Neonatal cholestasis-conjugated hyperbilirubinemia

Chad M. Best, Glenn R. Gourley, Vinod K. Bhutani

Research output: Chapter in Book/Report/Conference proceedingChapter

1 Scopus citations

Abstract

Jaundice during the first few weeks of life is a common finding. Frequently, such jaundice is due to elevation of the unconjugated, or indirect bilirubin, and is often the result of a benign process. More concerning is jaundice due to elevation of the conjugated bilirubin fraction. Neonatal cholestasis is defined as an accumulation of biliary substances, such as bilirubin and bile acids because of impaired canalicular bile flow. Neonatal cholestasis manifests with a conjugated hyperbilirubinemia and must be differentiated from unconjugated hyperbilirubinemia, as it is more often associated with a specific disease process. The incidence of neonatal cholestasis has been estimated at 1 in 2500 live births [1].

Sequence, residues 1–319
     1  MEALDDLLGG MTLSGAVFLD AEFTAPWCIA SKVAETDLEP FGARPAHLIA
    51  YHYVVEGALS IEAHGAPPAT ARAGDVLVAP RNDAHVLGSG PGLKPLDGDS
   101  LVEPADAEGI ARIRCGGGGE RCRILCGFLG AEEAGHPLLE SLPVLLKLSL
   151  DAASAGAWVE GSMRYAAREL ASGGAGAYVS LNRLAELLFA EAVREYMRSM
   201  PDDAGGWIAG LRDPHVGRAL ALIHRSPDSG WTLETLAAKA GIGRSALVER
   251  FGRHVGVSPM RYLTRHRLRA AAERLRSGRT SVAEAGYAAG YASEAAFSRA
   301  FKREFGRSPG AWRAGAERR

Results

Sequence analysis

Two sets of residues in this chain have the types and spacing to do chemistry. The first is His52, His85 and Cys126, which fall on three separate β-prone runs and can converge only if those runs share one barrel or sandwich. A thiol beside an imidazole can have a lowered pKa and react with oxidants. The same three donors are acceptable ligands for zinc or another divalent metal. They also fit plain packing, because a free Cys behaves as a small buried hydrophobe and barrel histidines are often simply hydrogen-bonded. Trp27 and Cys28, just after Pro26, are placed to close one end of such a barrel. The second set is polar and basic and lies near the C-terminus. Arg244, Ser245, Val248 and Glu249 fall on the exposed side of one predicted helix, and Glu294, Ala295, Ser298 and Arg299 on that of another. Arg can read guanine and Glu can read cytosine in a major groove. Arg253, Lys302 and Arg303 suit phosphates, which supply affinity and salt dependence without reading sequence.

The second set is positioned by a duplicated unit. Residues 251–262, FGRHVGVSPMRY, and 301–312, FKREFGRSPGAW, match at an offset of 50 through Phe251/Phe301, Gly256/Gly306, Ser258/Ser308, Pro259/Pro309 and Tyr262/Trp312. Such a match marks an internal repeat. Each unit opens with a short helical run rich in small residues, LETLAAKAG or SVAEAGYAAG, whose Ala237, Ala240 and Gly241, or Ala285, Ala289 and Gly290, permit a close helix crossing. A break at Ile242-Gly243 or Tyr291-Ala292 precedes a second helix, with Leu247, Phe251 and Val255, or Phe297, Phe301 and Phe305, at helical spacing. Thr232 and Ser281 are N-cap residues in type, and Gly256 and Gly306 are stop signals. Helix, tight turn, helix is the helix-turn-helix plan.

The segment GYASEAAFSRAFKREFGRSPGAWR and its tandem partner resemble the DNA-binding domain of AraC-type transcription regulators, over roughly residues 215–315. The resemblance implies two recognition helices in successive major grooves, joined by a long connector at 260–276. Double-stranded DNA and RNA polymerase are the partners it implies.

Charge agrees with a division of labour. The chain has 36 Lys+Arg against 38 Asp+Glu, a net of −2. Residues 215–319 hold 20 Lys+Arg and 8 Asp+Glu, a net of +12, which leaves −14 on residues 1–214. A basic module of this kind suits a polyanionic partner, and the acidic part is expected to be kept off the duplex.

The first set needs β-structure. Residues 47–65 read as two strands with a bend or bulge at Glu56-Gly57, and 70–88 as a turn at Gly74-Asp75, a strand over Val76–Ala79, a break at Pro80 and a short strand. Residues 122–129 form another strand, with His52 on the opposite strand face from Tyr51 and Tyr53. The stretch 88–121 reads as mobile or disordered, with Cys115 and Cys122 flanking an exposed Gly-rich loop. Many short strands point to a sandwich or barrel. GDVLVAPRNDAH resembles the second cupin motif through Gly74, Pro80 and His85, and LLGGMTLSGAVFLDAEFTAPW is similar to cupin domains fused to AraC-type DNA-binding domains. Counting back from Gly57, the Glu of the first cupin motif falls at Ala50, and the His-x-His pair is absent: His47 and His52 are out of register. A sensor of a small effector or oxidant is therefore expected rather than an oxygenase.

Original languageEnglish (US)
Title of host publicationNeonatology
Subtitle of host publicationA Practical Approach to Neonatal Diseases
PublisherSpringer-Verlag Milan
Pages650-658
Number of pages9
ISBN (Electronic)9788847014053
ISBN (Print)9788847014046
DOIs
StatePublished - Jan 1 2012

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